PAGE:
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The overarching mission of Bioneers is the advancement of holistic education pertaining to global social, cultural and environmental issues. Bioneers identifies progressive yet nature-honoring solutions to rising challenges of instability, inequality, and unsustainable growth and disseminates this knowledge via independent media, events, and community action networks. Front Range Bioneers took place at University of Colorado-Boulder from November 8-10.

Seeing with Indigenous Eyes facilitated by Ian Sanderson

  • After introductions and context setting, we gathered outside and participated in the Thanksgiving Address. John Stokes from The Tracking Project shares the background on these words.
    These words of thanksgiving come to us from the Native people known as the Haudenosaunee (also Iroquois or Six Nations <Mohawk, Oneida, Cayuga, Onondaga, Seneca and Tuscarora> of upstate New York and Canada. The Thanksgiving Address has ancient roots, dating back over one thousand years to the formation of the Great Law of Peace by a man called the Peacemaker, and perhaps before that. Today these words are still spoken at the opening and closing of all ceremonial and governmental gatherings held by the Six Nations.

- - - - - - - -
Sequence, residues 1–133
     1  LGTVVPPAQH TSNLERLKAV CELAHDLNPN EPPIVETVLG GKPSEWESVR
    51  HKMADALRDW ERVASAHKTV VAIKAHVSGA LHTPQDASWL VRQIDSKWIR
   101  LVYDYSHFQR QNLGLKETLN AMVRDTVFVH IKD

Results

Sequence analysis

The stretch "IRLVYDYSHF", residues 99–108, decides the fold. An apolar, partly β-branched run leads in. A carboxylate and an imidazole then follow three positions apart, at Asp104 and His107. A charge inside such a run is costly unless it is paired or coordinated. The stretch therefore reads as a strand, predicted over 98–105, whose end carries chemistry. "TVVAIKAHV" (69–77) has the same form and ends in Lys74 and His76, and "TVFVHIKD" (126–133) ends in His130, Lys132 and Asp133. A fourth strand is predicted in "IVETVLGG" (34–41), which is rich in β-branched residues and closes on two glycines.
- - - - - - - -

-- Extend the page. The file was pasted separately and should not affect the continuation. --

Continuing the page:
We believe that all people at one time in their history had similar words to acknowledge the works of the Creator. With this in mind, we offer these words in a written form as a way to reacquaint ourselves with this shared vision. Our version of the Thanksgiving Address has been modified for a young, general audience‹it has been shortened and many specific references to the culture of the Six Nations have been generalized. We hope this will enhance the accessibility of the words for readers around the world.You are encouraged to share in these words, that our concentrated attention might help us rediscover our balance, respect, and oneness with Nature. Now our minds are one.
  • One idea explored was thinking about structures vs. patterns and processes. Consider the The Industrial Egg. One may opt for organic, outdoor based eggs instead of an egg from a more traditional, mass-farmed egg. This consumer choice in meaningful as it supports the removal of pesticides and other chemicals from the Earth and food production process. However, an industrial egg is an industrial egg. If the overall process for producing the egg has not changed – the extraction of mineral resources, the use of industrial factories, the use of fossil fuels to transport goods thousands of miles – then the sustainability of the overall process must still be called into question.
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